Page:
MERIDIAN, Miss. (AP) — A groundbreaking, a building dedication, and the closing of three buildings will mark progress later this week at the East Mississippi State Hospital.
The mental health institution, which first opened in 1885, is growing with an investment of $14 million, which will fund, in part, a new receiving unit for acute care and a central mechanical building, said Susie Broadhead, public relations director.
The project includes the 60-bed receiving unit, the central mechanical building, roadways and other related infrastructure. The mechanical building will house heating, air-conditioning, generators, and hot water for three buildings; two of which will be constructed in the next phase, Broadhead said.
The receiving unit will be a one story brick building of 45,000 gross square feet, and the mechanical building will contain 7,100 gross square feet.
The building, which will replace older units, should be ready for occupancy by the end of 2015.
Larry McKnight, East Mississippi State Hospital's assistant director, said the groundbreaking, dedication and decommissioning are Thursday at 1 p.m. He said this has been about eight years in the making.
"During that time, mental health programming has become more community based, but yet the need for acute care remains.
"Thanks to the efforts of some very supportive state legislators and an aggressive Mississippi Department of Mental Health Board of Directors, which includes local Meridian attorney Rick Barry, what we will celebrate Thursday will be a pinnacle of success for not only those currently in our care, but also for our past and present employees who have made and do make East Mississippi State Hospital what it is," McKnight said.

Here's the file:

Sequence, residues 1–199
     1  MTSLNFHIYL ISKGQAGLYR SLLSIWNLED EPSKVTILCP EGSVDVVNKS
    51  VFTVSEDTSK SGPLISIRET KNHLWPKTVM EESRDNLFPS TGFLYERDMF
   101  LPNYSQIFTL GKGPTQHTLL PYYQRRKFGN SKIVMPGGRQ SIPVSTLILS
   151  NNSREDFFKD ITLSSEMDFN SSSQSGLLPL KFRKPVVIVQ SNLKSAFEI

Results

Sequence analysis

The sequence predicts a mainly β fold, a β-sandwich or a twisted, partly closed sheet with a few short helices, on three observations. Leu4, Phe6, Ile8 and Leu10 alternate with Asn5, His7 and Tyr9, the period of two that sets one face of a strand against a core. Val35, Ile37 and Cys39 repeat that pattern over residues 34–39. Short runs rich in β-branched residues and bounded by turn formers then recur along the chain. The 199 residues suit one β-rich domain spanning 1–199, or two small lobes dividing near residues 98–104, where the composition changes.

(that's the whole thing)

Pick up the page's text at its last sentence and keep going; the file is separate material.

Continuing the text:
The new receiving unit will allow the hospital to move patient care from the 1885 four-story building. That building, Broadhead said, will not be decommissioned; it will be used for other purposes.
While celebrating the beginning of construction of the receiving unit, the hospital will also dedicate another new building that opened earlier this year — a new 21,000 square feet dining facility. The $7 million cafeteria serves more than 1,000 meals per day and has a state-of-the-art prep and cooking area, two dining rooms, a conference room and office space. Valley Services Inc. is the facility's food services provider.
In addition to celebrating new construction, the hospital will close and later demolish three buildings, having received permission from the Mississippi Department of Archives and History.
The Lewis building was built 1950 at a cost of $800,000, with an area of 42,000 square feet. This building served in many capacities during its lifespan. It once housed the Adolescent Unit, which served adolescent males and females, then just males. It later became the Continuing Care Unit for long term care of both males and females. When it was vacated in 2013, it was serving as an acute care unit for females.
"The Lewis Building has always been one of our most beloved buildings, with many of our 25-30 year employees having begun their careers in Lewis, which was once known as the A Building," Broadhead said. "It was renamed the Lewis Building in honor of longtime staff physician, Dr. Wiley Lewis."
The Crest Building was built in 1957 for $175,000. With an area of 21,600 square feet. Crest too served in many capacities, even a dormitory at one time for hospital staff. Many retired employees once lived there.
"In the past decade, it housed our Chemical Dependency Unit for males as well as Intermediate Care Services which was where on-campus patients moved in order to begin transitioning back into the community. Crest too has been vacated," Broadhead said.
The building referred to as 202, the R.P. White Nursing Facility, was constructed in 1951 with 21,800 square feet for $304,000.
"Although named R.P. White 202, most everyone still refers to the building as 202," Broadhead said. "It currently is still in service housing our Professional Development Department, but for most of its years of service it was a nursing home and a continuing care unit for long-term male patients."
Information from: The Meridian Star, http://www.meridianstar.com